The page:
Frazier also singled out a few other players. He sang the praises of middle linebacker Mason Foster.

“I think he has a better command of the middle linebacker position in this system and what’s required," Frazier said. “You really are the quarterback of the defense in this system. If you don’t have a good grasp of what other people’s roles are, then you are not going to be what we need at the middle linebacker position. He’s become more aware of his responsibilities and the fact that he can’t have tunnel vision and just think about (middle linebacker). He has to be aware of what’s happening with the people in front of him and even the people behind him. He’s grown in that area, and I think it’s helped us improve."

Frazier also said second-year cornerback Johnthan Banks has helped the defense improve.

“He kind of mirrors the improvement of our defense," Frazier said. “You look at the way he has come along, I think it coincides with the rest of our defense. You can see the growth. He’s making more plays. He’s playing with more confidence."

McCoy said the defense’s attitude has changed and the unit has become more consistent.

“The true measure of a man’s mental toughness is consistency," McCoy said. “You want to work to be consistent. The greatest anything is consistent, whether it’s a restaurant, a person’s stats, your momma’s cooking. If it’s great, it’s consistent. I think we’re working to be more consistent and our attitude has changed."
TAMPA, Fla. -- Tampa Bay Buccaneers offensive tackle Demar Dotson doesn't get quoted a lot, which is unfortunate.

It probably has a lot to do with the anonymous nature of the offensive line. But Dotson is one of the most straight-forward players in Tampa Bay's locker room. That was the case Wednesday when Dotson was asked about the Bucs being winless at home.

"It's disgusting to think about," Dotson said.

The Bucs are 0-5 at Raymond James Stadium this season. Their only two victories have come on the road. Dotson said Tampa Bay's fans deserve a better product than they've seen so far this season.

"That is tough," Dotson said. "I know that the fans are ready to see a win and we need one for ourselves."

Dotson said the best way for the Bucs to break the streak is to stop beating themselves.

"It's not that we don't have good enough guys," Dotson said. "I think it's more what we're doing to ourselves. Stop shooting ourselves in the foot. It takes each person digging down and making a mindset change."

Bucs embrace backfield-by-committee approach

November, 26, 2014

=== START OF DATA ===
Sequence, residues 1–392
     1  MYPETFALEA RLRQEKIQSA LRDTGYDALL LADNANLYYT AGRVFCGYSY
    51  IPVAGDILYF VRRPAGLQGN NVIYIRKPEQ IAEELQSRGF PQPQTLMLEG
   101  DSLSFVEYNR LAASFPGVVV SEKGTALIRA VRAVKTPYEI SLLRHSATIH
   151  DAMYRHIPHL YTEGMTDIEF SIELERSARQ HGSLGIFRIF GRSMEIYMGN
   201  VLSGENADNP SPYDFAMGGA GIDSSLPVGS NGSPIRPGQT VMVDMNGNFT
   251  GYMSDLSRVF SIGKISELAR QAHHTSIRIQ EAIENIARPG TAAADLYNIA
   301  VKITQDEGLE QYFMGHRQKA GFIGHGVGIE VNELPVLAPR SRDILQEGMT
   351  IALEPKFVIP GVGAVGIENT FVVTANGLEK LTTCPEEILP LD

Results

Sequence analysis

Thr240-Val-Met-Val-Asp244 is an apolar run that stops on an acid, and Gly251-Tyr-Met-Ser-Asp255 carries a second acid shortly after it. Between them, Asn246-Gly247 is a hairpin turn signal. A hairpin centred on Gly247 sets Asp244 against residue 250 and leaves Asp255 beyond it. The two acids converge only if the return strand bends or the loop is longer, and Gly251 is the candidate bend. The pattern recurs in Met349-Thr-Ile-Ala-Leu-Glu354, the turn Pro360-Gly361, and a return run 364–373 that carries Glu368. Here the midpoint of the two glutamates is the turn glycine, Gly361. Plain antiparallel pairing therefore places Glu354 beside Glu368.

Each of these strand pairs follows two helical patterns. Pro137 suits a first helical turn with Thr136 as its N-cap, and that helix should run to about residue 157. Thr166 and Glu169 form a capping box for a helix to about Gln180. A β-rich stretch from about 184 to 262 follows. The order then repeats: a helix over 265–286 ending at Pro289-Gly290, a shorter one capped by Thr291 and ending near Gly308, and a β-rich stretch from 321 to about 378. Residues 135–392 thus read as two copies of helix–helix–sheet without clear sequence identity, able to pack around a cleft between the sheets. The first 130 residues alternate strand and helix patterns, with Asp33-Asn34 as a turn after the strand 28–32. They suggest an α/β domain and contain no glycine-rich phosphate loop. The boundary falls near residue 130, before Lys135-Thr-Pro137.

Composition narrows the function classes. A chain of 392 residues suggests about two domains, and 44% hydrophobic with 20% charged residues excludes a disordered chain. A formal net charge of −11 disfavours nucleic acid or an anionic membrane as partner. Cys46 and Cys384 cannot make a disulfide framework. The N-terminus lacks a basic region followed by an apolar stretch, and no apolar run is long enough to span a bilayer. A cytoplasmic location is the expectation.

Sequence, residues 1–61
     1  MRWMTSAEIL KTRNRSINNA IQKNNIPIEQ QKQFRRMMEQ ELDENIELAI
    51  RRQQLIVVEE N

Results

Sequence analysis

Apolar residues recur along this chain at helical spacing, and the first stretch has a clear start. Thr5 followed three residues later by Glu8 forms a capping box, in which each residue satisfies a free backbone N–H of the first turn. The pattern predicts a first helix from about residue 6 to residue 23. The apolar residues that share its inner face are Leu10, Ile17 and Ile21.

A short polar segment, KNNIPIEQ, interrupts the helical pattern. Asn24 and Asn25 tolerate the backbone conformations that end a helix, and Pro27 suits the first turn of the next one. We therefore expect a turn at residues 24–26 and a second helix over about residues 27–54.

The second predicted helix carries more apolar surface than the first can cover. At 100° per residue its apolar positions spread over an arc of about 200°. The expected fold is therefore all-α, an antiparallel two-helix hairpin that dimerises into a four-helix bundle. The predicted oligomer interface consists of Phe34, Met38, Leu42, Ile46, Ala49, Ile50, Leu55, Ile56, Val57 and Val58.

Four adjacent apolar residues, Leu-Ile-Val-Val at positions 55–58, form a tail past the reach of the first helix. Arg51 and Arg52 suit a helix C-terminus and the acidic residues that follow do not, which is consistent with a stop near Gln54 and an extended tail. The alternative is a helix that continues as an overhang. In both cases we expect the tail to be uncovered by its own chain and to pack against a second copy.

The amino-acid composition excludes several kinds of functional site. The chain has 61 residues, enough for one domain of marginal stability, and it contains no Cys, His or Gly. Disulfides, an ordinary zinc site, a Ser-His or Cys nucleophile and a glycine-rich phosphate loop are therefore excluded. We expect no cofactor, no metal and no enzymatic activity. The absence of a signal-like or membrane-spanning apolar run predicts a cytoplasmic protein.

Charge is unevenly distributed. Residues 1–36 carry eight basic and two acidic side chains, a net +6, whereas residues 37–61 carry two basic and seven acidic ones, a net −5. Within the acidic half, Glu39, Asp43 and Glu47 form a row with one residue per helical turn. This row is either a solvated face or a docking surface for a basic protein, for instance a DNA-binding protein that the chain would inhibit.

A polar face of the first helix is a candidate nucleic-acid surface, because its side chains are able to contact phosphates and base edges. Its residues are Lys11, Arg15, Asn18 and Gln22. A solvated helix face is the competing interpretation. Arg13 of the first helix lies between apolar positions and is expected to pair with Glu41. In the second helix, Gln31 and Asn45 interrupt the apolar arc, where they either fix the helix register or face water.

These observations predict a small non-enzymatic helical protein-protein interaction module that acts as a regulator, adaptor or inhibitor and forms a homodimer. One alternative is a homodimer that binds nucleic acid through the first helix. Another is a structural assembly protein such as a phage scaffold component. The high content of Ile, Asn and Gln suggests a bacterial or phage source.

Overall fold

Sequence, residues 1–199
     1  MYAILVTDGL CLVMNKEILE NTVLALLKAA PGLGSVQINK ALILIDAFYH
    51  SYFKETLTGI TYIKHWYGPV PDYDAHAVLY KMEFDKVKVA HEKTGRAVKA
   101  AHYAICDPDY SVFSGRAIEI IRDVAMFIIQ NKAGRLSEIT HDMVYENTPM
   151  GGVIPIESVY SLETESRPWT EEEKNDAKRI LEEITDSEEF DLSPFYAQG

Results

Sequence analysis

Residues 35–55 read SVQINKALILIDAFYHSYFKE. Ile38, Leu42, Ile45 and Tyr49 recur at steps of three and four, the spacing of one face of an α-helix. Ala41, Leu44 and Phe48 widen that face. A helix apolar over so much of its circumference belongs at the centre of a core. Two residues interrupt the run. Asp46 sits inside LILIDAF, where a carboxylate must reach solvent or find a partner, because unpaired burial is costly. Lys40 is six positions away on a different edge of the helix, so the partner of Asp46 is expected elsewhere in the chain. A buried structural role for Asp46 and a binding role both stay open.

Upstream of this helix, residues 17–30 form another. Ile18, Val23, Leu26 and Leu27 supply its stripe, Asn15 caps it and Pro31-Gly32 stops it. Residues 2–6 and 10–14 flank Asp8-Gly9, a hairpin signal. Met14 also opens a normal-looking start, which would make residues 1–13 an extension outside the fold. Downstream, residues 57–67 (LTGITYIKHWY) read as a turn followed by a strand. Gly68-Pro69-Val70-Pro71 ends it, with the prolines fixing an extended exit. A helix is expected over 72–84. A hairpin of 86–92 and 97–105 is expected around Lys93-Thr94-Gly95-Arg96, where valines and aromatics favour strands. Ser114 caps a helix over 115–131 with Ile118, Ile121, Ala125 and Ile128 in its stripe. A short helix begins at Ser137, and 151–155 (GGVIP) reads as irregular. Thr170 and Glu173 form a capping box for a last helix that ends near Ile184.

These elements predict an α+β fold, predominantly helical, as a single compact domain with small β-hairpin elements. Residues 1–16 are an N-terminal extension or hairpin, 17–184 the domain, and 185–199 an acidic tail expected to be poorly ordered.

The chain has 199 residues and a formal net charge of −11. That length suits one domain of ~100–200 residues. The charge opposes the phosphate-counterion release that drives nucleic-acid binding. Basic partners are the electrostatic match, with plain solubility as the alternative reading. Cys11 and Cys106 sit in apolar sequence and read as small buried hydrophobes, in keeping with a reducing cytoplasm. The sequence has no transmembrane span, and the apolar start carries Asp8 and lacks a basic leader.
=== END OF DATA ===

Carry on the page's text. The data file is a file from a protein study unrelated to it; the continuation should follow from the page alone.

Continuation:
Nov 26

ESPN Buccaneers reporter Pat Yasinskas says tailback Doug Martin will likely continue to split snaps with Bobby Rainey and Charles Sims, and might even become expendable in the offseason.
TAMPA, Fla. -- Doug Martin knows the critics are out there.

They say he has lost it and he's not the same running back who rushed for more than 1,400 yards as a rookie in 2012. So what does the Tampa Bay Buccaneers' running back say about all that?

[+] EnlargeDoug Martin
Jerry Lai/USA TODAY SportsBucs RB Doug Martin is averaging 2.8 yards per carry, far below his 2012 season average of 4.6.
"I don't say anything," Martin said. "That's something you've got to ignore. That's just outside noise. You've just got to ignore that and keep playing the game and having confidence in my game. It's just something that you've got to brush off."

But Martin hasn't been able to brush off defenders very often this season and that has fueled the critics. Martin is averaging just 2.8 yards a carry and has 193 rushing yards and one touchdown.

Injuries have been a factor. Martin missed two games with a knee injury and three games with an ankle injury.

"You don't want to make excuses, but injuries do kind of slow you down," Martin said.

But Martin is healthy now and his production hasn't picked up. In Sunday's loss to Chicago, Martin had 11 carries for 27 yards. He also was used in a rotation with Charles Sims and Bobby Rainey.

"As a running back you do want a rhythm," Martin said. "But we have Charles, Bobby and myself in the backfield and each guy brings something different to the table."

Coach Lovie Smith has said the run blocking by the offensive line hasn't been as good as he would like. That's a big part of the reason the Bucs rank No. 29 in the league in rushing offense.

But much of the blame from the outside is falling on Martin. From the inside, the belief is Martin still has what it takes to be an elite back.

"I think so," quarterback Josh McCown said. "Everything's been so up and down with injuries and stuff like that. There's been an inconsistency of just time for him. It's not anybody's fault. It's just where it's been. I still absolutely think he's capable of doing those things because it still flashes. I think it's more of us as a whole, as a group, continuing to improve in that area."